By the late 1970s, I had concluded that, for all the good intentions and abilities of its staff, the [World] Bank was a fatally flawed institution. The most important source of its failures was its commitment to lending, almost regardless of what was happening in the country it was lending to. This was an inevitable flaw since the institution could hardly admit that what it could offer -- money -- would often make little difference. But this flaw was magnified by the personality of Robert McNamara, former US Defence Secretary, who was a dominating president from 1967 to 1981. McNamara was a man of ferocious will, personal commitment to alleviating poverty and frighteningly little common sense. By instinct, he was a planner and quantifier. . .
I had worked on India as senior divisional economist for three years. During that time, my chief function, so far as the Bank was concerned, was to justify the provision of significant quantities of aid, even though this money was helping the government of India avoid desperately needed policy changes. As it turned out, those changes were made in the midst of a deep foreign exchange crisis in 1991, almost two wasted decades later. The changes were made under the direction of Manmohan Singh, then finance minister, with the assistance of Montek Ahluwalia as economic secretary and later finance secretary. This experience confirmed three lessons: policy changes could make a huge difference to economic performance; such changes could be put into effect by relatively small teams of intelligent, motivated and well-disciplined individuals; and, most important of all, those changes could not be imposed from outside.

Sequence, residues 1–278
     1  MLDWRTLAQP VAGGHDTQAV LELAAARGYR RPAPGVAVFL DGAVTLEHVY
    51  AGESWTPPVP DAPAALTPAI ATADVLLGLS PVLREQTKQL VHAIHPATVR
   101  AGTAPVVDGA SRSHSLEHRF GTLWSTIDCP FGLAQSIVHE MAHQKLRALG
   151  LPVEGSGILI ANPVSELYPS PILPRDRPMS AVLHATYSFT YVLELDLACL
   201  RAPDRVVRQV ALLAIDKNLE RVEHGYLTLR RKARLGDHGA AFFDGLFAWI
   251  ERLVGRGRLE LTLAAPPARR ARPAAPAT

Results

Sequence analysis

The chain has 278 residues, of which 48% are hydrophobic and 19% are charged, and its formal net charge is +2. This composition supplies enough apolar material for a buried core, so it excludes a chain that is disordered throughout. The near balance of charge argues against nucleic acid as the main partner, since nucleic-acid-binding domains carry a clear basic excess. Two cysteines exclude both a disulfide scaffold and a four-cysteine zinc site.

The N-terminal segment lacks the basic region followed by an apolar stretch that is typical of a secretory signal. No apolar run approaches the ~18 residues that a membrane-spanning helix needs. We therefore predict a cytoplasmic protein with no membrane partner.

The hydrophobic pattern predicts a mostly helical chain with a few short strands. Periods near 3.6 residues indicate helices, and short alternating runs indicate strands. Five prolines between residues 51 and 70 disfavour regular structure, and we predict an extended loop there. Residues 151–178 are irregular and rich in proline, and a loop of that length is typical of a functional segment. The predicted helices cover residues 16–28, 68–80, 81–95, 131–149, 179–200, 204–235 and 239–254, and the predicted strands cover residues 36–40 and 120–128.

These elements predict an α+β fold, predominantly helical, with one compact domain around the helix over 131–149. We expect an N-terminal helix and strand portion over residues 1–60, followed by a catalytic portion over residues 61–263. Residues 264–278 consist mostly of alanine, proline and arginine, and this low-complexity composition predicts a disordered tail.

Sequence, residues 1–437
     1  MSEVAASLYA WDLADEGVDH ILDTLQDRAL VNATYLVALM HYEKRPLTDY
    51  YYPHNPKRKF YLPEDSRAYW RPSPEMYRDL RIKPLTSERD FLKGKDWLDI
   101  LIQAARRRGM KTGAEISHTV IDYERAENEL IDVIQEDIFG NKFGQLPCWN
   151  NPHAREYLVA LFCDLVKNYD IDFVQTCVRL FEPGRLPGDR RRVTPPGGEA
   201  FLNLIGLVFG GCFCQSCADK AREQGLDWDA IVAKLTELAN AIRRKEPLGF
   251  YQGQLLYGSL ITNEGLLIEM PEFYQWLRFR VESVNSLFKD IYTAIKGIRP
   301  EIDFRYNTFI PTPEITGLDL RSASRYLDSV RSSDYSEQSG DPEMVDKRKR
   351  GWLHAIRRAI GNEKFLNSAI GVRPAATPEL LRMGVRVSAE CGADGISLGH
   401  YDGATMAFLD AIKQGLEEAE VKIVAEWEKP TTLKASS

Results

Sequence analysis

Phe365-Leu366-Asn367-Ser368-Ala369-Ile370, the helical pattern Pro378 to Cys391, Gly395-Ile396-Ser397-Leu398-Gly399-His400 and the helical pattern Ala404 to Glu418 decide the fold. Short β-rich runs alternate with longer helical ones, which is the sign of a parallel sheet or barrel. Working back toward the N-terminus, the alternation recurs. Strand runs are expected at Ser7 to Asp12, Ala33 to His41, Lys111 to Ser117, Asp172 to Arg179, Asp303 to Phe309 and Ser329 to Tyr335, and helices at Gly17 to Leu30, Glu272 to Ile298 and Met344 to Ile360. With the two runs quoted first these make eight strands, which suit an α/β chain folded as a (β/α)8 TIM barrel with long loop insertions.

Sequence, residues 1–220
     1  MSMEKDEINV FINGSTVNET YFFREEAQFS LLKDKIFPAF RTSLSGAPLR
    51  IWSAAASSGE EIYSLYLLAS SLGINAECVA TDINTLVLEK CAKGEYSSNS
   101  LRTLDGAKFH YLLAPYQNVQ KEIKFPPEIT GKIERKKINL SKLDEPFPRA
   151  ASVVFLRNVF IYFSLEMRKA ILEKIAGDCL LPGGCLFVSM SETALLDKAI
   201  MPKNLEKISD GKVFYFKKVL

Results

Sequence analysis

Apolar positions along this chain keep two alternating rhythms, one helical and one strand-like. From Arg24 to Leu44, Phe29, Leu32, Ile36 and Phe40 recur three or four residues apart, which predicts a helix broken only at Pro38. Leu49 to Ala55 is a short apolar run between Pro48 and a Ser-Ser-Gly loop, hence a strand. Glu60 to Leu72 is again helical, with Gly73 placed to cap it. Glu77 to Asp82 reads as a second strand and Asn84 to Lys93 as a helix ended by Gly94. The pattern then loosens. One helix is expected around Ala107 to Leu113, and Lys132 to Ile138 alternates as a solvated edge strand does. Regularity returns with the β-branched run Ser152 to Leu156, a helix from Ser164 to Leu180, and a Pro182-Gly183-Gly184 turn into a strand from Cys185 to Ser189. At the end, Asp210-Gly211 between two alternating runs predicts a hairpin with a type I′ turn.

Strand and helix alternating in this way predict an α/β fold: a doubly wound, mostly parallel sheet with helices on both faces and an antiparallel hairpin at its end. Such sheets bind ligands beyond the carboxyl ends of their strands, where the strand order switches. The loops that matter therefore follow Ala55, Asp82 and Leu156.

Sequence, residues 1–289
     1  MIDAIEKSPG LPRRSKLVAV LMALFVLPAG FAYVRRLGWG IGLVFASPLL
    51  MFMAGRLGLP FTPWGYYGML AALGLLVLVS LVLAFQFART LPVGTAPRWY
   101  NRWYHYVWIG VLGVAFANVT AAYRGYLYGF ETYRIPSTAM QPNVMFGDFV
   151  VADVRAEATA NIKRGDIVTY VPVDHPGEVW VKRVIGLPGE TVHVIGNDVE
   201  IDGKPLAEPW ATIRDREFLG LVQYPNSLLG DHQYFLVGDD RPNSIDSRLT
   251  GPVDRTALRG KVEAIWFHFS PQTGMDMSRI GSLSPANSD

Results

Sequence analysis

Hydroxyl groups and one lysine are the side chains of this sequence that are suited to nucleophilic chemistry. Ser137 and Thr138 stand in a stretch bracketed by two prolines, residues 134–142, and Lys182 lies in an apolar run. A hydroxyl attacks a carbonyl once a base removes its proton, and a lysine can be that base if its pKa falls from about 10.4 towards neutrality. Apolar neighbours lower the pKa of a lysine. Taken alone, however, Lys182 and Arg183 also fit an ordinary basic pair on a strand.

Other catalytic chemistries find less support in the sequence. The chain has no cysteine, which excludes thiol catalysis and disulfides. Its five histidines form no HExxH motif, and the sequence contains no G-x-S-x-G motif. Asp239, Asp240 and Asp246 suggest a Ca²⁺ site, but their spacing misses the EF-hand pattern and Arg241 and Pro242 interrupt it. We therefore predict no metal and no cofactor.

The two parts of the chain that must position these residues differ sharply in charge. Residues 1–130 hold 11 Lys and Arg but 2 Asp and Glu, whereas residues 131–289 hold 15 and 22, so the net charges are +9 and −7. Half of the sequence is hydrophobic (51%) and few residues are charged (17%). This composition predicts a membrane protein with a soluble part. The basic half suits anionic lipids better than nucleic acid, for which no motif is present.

Unfortunately, lending too much was not the Bank's only fault. It also had to lend to governments. This had two undesirable consequences: it had to assume that the government represented the interests of the country; and it reinforced an unjustifiably collectivist view of that national interest. Bank lending made it easier for corrupt and occasionally vicious governments to ignore the interests and wishes of their peoples. By the end of my time at the Bank, I came to the conclusion that its borrowers fell into three categories -- those that did not need the help; those that would not use the help; and those that needed the help and would use it. The Bank was constitutionally incapable of concentrating its efforts on this third, often quite small group. As a result, its efforts were often either unnecessary or wasteful. I therefore came to agree with most of the criticisms of aid that had long been made by the late Peter (Lord) Bauer.
From Financial Times columnist Martin Wolf's 2004 book, "Why Globalization Works"